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Corporate Laws in India, Germany and Canada: A Comparative Study

The Indian Corporate Scene has been ever evolving. Business in India has been ever accepting the idea of totality and has been trying to lay more and more emphasis on the welfare of all the stakeholders so as to ensure that everybody's interest is well accounted for. With this welfare bound setup, the Corporate scene in India has improved as well. With the help of more business-friendly legislations, the corporate scene has improved to meet the international standards.

The first step in the direction of establishment of the company's regime in India came in the pre-colonial era in the year 1850, with the establishment of Companies Act which was a model of the British Companies Act 1844. However not much of it was accepted widely and hence was amended on a number of occasions.

Thereafter, a number of new acts were incorporated which were all valiant efforts to meet up to requirements of the new India and included Legislations in the year 1882, 1913. Post-Independence also, it was recommended by the Bhabha Committee that changes need to be made to the Companies Act[1] and hence on the recommendation of the committee led by Mr C.H. Bhabha, the Companies Act 1956 came into effect on 1st April 1956. The first major amendment was the enactment of the Depositories Act, 1996[2].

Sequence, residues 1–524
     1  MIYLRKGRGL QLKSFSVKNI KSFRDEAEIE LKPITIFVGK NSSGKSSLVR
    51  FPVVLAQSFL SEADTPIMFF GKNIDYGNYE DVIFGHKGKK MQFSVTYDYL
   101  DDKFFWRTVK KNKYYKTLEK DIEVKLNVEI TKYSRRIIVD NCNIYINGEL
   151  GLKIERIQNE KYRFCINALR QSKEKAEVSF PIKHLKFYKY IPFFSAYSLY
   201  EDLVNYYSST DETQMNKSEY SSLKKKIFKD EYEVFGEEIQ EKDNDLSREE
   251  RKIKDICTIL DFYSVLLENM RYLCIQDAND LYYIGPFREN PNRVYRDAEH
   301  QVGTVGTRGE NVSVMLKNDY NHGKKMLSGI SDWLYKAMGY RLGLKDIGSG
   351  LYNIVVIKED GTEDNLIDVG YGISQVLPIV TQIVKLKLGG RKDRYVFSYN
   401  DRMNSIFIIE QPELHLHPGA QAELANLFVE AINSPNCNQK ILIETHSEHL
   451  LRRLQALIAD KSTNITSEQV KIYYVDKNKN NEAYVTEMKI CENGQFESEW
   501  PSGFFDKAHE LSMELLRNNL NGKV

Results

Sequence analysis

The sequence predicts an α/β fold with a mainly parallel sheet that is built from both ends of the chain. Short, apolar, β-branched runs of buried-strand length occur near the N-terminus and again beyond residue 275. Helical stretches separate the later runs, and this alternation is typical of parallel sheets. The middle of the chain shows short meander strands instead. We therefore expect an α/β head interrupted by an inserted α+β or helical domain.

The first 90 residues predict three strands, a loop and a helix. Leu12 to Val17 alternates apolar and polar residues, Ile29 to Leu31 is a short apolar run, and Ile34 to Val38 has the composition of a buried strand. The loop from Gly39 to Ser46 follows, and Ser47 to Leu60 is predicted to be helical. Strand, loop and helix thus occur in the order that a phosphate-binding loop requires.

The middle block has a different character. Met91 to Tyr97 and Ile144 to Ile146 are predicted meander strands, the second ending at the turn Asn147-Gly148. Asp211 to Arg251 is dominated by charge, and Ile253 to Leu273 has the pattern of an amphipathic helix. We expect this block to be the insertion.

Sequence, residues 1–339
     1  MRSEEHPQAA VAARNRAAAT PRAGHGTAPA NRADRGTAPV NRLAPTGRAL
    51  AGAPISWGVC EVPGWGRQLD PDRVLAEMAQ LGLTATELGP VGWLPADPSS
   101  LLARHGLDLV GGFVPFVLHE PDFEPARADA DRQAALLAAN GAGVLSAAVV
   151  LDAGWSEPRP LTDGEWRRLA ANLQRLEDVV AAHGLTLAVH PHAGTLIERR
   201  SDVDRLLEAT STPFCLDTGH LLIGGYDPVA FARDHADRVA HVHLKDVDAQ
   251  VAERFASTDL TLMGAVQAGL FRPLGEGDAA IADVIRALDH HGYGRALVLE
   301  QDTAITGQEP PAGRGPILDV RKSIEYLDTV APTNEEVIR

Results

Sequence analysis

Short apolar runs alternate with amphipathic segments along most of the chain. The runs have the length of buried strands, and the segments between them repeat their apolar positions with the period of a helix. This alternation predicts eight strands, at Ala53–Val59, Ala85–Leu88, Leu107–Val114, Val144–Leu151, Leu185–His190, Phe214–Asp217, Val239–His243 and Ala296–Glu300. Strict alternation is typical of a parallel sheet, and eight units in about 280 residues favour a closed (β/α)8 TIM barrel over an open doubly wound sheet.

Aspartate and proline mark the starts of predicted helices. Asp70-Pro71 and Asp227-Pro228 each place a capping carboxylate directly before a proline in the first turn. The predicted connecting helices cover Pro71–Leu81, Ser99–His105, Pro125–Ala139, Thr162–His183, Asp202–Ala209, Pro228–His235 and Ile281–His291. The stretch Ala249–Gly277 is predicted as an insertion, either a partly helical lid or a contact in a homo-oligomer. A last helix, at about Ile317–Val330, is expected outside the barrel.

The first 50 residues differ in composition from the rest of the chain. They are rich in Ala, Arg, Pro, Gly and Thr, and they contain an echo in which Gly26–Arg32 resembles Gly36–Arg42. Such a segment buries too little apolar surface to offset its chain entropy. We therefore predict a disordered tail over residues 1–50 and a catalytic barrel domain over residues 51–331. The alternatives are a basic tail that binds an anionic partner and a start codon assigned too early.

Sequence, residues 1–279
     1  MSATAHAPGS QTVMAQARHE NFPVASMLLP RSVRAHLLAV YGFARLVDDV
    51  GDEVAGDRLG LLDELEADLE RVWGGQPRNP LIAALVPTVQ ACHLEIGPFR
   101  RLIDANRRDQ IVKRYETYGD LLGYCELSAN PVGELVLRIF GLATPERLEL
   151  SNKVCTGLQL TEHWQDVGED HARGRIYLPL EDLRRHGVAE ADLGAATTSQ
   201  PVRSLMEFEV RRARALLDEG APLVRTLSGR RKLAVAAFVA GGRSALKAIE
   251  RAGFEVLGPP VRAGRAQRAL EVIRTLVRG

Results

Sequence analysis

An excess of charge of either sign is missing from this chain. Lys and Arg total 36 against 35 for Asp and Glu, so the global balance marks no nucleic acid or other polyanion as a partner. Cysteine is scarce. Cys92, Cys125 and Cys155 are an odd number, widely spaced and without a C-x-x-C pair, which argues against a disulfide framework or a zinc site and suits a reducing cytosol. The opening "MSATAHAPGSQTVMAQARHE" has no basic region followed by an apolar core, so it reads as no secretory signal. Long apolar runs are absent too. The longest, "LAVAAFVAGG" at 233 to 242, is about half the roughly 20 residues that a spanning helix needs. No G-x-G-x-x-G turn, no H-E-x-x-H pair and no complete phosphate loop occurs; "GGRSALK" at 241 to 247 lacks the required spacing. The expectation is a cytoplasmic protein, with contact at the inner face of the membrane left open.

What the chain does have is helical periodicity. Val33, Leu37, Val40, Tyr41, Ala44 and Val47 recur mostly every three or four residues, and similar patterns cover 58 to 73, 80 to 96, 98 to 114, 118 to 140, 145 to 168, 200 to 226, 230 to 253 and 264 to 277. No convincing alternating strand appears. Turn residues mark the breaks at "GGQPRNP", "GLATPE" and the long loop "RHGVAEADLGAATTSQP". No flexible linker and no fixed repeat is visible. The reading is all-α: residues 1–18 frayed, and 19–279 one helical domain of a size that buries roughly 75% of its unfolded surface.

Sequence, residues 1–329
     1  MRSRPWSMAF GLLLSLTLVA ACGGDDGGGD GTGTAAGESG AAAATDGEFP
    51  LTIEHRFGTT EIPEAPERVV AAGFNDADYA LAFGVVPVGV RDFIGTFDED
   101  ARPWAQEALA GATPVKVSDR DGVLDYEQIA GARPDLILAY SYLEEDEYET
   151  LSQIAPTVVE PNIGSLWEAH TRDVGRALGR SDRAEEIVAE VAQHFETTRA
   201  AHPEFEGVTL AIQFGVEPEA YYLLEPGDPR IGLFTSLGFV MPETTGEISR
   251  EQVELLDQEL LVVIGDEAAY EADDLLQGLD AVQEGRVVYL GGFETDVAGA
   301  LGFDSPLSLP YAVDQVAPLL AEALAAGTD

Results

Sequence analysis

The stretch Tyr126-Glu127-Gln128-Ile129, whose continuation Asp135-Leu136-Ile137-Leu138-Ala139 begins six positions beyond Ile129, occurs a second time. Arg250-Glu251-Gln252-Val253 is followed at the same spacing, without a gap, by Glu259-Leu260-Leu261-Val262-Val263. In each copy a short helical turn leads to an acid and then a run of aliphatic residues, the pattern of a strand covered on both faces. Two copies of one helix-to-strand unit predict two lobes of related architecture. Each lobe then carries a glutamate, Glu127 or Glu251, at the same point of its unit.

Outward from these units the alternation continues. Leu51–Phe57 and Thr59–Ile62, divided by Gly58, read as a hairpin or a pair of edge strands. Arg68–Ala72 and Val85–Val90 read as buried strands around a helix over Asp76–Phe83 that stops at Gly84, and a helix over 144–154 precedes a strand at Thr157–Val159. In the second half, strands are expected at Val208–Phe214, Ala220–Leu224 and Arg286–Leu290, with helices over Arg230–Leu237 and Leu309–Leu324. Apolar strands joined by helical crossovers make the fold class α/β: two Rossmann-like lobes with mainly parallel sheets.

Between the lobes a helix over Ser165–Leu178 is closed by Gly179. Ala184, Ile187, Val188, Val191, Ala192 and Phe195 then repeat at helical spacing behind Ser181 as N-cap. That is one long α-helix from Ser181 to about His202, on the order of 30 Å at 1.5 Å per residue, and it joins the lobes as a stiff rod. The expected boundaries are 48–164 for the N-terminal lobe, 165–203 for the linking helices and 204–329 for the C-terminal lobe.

Currently, the new Companies Act 2013 consists of 29 chapters, 658 sections and 7 schedules.

Foreign Direct Investment (FDI)

When we talk about corporate law, an important aspect regarding corporate law is the intricate nuances concerned with the Foreign Direct Investment (FDI) policy.
FDI refers to that situation when a company who is in one country takes controlling ownership of a business entity of another country.

This essentially means that such foreign companies have a full say in how that business organization would function. Moreover, since they are directly involved with the day-to-day activities of the organization, they often would bring, apart from money, technology, skills and knowledge with themselves[3]

Generally speaking, Foreign Direct Investment is preferred in open economies which has the required growth prospect alongside the much-needed skilled workforce.